A “mattress amnesty”, which will see old mattresses collected for free in parts of Dublin next week, legitimises the reintroduction of free bulky waste collections across Dublin, city councillors have said.
Households in Dublin’s north inner city, as well as Cabra and Glasnevin, that have registered with the council can have up to three mattresses taken away without charge from August 15th as part of an anti-dumping initiative.
However, Dublin City Council (DCC) officials in recent weeks said the council could not reintroduce the free collection of bulky household waste because it contravened the “polluter pays principle”, could encourage “dumping tourism” and result in the European Union prosecuting the State.
Independent councillor Nial Ring, who is in favour of the mattress amnesty, said it was “paradoxical in the extreme” that the council was happy to collect mattresses but would not collect bulky waste.
“A mattress would be part of household bulky waste and there’s very little difference between a mattress and a sofa. They [council officials] can’t have it every way. Now that they have decided to do the mattress collection they have conceded the point, and I think it should be a prelude to the reintroduction of the bulky waste collection.”
Councillors last November voted, as part of the city’s 2022 budget, to fund the return of free waste collection of “bulky” items such as mattresses and sofas, which had been discontinued in 2014.
However, in a report to councillors, Liam Bergin, executive manager with the council’s environment division, said the council could not allow the service to go ahead.
The move would be “in direct contradiction to European, national and local policy governing waste disposal and specifically ignores the overarching polluter pays principle”.
It could also incentivise “dumping tourism”, where “non-residents or commercial operators may take advantage of the free service and drop off waste in areas where collection is taking place”.
Mr Bergin said he had not been aware of what the councillors were doing at the time of the budget and, had he been forewarned, he would have advised of the illegality of the move.
“I knew it would be problematic as soon as I saw it. I sent it off for legal advice as soon as I saw it,” he said. “But if I had been asked at the time would this have got through, would we be in a position in DCC to bring it in or indeed the Irish State to bring it in, I would have said no.”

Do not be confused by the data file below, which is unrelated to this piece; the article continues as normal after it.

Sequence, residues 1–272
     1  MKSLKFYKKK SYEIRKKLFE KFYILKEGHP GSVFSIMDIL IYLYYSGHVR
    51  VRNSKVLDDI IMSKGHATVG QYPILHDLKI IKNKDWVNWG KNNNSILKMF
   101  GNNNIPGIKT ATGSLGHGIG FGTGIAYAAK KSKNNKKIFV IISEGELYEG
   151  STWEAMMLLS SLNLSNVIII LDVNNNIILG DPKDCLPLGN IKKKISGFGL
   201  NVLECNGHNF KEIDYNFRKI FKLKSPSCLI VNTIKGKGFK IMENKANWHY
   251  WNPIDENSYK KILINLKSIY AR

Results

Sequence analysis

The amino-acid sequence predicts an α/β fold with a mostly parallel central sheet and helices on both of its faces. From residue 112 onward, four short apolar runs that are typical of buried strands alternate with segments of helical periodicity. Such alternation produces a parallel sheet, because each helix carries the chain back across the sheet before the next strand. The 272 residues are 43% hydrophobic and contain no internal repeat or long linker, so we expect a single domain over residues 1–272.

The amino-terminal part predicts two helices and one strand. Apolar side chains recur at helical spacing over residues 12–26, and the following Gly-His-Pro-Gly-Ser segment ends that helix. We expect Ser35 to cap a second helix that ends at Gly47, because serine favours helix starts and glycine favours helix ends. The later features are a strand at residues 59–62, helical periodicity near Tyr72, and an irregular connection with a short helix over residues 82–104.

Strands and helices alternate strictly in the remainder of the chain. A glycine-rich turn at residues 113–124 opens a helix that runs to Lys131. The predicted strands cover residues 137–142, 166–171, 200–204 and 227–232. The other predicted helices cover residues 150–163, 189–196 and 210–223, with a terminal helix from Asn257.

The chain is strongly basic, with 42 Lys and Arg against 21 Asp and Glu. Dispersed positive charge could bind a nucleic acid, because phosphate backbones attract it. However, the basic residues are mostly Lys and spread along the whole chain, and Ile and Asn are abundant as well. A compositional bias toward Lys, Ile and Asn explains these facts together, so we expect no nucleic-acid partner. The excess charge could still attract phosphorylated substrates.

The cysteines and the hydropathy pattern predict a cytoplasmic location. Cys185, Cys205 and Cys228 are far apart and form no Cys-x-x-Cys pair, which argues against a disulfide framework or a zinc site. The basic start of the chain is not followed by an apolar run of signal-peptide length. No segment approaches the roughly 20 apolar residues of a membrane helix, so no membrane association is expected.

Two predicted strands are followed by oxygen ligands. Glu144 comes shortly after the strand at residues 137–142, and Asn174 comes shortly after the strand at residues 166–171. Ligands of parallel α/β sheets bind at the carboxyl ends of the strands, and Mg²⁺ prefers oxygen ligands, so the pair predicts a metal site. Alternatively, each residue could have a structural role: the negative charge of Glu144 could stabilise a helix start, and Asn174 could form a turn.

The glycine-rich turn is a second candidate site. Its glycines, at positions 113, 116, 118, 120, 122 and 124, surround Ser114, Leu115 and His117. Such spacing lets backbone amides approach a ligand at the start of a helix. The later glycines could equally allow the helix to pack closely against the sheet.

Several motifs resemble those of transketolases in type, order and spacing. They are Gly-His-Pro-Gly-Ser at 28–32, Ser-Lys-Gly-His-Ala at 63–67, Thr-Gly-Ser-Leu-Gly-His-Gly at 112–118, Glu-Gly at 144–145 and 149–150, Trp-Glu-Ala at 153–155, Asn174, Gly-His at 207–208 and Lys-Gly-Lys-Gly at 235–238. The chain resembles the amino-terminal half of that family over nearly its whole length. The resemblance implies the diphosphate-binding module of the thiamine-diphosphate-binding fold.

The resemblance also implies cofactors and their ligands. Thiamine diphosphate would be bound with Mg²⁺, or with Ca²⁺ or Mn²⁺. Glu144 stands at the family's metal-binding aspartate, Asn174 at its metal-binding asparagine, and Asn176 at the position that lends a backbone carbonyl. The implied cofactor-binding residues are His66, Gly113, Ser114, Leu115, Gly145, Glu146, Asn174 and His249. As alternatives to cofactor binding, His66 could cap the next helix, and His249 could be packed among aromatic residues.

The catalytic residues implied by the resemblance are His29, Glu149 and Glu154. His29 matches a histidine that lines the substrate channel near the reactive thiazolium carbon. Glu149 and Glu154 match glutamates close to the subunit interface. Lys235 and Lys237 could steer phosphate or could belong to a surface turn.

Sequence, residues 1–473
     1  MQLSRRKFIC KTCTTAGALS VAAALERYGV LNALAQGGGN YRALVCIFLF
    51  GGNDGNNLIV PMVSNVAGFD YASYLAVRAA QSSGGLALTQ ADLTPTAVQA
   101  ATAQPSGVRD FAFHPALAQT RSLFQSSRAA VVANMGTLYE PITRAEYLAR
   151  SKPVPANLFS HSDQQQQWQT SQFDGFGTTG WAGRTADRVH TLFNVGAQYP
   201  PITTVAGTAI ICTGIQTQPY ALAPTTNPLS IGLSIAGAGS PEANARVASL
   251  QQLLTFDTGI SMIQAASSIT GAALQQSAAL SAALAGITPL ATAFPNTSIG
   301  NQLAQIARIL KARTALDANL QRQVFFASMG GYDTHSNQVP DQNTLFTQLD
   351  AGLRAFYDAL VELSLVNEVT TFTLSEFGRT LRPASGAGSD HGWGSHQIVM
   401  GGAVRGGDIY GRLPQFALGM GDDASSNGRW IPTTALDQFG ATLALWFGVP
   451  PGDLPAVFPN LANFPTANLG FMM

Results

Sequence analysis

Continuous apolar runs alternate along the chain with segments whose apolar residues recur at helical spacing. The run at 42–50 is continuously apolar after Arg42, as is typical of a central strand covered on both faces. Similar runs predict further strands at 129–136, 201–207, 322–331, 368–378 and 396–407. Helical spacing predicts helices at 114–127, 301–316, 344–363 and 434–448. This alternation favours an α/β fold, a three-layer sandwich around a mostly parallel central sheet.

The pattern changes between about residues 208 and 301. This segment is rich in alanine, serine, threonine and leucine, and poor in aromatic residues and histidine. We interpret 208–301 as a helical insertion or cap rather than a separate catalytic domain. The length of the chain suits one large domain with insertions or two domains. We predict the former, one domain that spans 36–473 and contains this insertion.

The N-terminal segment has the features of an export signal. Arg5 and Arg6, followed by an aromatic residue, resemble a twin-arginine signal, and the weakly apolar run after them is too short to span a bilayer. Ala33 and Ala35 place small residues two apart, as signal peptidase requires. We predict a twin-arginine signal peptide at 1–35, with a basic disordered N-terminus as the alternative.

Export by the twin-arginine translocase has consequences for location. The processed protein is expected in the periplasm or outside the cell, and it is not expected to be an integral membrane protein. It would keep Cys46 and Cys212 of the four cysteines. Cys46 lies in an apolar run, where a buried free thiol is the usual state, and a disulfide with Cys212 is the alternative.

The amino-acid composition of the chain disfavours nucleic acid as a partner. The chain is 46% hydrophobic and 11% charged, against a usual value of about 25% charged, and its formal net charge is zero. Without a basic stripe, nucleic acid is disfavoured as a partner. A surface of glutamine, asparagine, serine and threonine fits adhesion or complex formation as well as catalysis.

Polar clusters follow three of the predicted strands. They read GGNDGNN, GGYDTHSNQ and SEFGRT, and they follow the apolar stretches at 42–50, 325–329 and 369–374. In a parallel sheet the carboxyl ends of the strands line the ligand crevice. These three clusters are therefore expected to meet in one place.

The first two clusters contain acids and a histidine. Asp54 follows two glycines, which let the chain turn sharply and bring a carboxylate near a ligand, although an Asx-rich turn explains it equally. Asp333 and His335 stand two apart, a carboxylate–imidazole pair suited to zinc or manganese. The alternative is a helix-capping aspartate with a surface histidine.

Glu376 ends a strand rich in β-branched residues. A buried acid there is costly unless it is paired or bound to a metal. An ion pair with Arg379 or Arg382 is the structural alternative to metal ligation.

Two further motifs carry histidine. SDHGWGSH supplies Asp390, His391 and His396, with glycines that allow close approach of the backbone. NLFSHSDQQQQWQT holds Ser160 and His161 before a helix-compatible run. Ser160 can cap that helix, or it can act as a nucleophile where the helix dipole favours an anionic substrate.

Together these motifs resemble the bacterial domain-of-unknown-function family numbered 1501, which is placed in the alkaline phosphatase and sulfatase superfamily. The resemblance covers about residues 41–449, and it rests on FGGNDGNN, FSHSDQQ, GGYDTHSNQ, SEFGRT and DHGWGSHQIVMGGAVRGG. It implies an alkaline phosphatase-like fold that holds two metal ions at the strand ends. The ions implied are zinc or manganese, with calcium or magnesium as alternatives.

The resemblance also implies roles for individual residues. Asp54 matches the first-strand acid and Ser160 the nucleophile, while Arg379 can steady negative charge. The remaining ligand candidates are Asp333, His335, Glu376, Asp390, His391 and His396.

A spokeswoman for the council said the mattress amnesty was a Department of Environment initiative “to support anti-dumping intervention projects under the potential impact areas of prevention, abatement, education and enforcement” and the waste collected was considered a resource. “The amnesty is focused on supporting the recycling of all mattresses collected,” she said.
Fianna Fáil councillor Deirdre Heney, who had sought the reintroduction of the bulky waste collection, said the service should be implemented without delay.
“The city council is absolutely right to carry out the mattress amnesty, it is a very important service to provide for the community, as is the bulky waste collection. They are the very same.”
The bulky waste collection service was particularly important for “vulnerable” households she said.
“Vulnerable individuals, especially the elderly and people without cars, can have huge difficulties disposing of large items they no longer need. This service is something that makes people feel really good about the city council and appreciate the service the council provides.”
Mr Ring said bulky household waste could also be recycled. He added that the polluter was paying for this service through their local property tax. “Property taxes are paid to fund council services, so to say people wouldn’t be paying for this is absolute rubbish.”
Households must have registered with the council by August 8th to avail of the mattress amnesty. Unregistered mattresses “will be deemed to be illegally dumped and could result in prosecution”, the council said.